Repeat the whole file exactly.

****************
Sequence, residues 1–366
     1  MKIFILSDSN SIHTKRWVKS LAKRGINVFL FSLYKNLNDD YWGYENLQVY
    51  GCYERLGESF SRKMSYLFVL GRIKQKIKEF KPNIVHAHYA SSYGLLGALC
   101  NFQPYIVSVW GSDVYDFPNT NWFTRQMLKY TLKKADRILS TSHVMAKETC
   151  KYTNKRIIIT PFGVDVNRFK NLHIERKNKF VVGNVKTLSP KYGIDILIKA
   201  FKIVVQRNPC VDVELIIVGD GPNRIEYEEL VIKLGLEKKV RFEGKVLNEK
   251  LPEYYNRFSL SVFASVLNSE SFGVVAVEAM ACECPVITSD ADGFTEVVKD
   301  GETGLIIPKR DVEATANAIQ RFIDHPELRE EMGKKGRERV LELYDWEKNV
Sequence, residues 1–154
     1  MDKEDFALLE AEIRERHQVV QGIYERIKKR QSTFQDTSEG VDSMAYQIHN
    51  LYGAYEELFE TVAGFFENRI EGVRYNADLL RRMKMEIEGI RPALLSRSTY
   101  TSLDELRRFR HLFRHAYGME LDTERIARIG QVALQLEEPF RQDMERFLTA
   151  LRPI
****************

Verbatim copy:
Sequence, residues 1–366
     1  MKIFILSDSN SIHTKRWVKS LAKRGINVFL FSLYKNLNDD YWGYENLQVY
    51  GCYERLGESF SRKMSYLFVL GRIKQKIKEF KPNIVHAHYA SSYGLLGALC
   101  NFQPYIVSVW GSDVYDFPNT NWFTRQMLKY TLKKADRILS TSHVMAKETC
   151  KYTNKRIIIT PFGVDVNRFK NLHIERKNKF VVGNVKTLSP KYGIDILIKA
   201  FKIVVQRNPC VDVELIIVGD GPNRIEYEEL VIKLGLEKKV RFEGKVLNEK
   251  LPEYYNRFSL SVFASVLNSE SFGVVAVEAM ACECPVITSD ADGFTEVVKD
   301  GETGLIIPKR DVEATANAIQ RFIDHPELRE EMGKKGRERV LELYDWEKNV
Sequence, residues 1–154
     1  MDKEDFALLE AEIRERHQVV QGIYERIKKR QSTFQDTSEG VDSMAYQIHN
    51  LYGAYEELFE TVAGFFENRI EGVRYNADLL RRMKMEIEGI RPALLSRSTY
   101  TSLDELRRFR HLFRHAYGME LDTERIARIG QVALQLEEPF RQDMERFLTA
   151  LRPI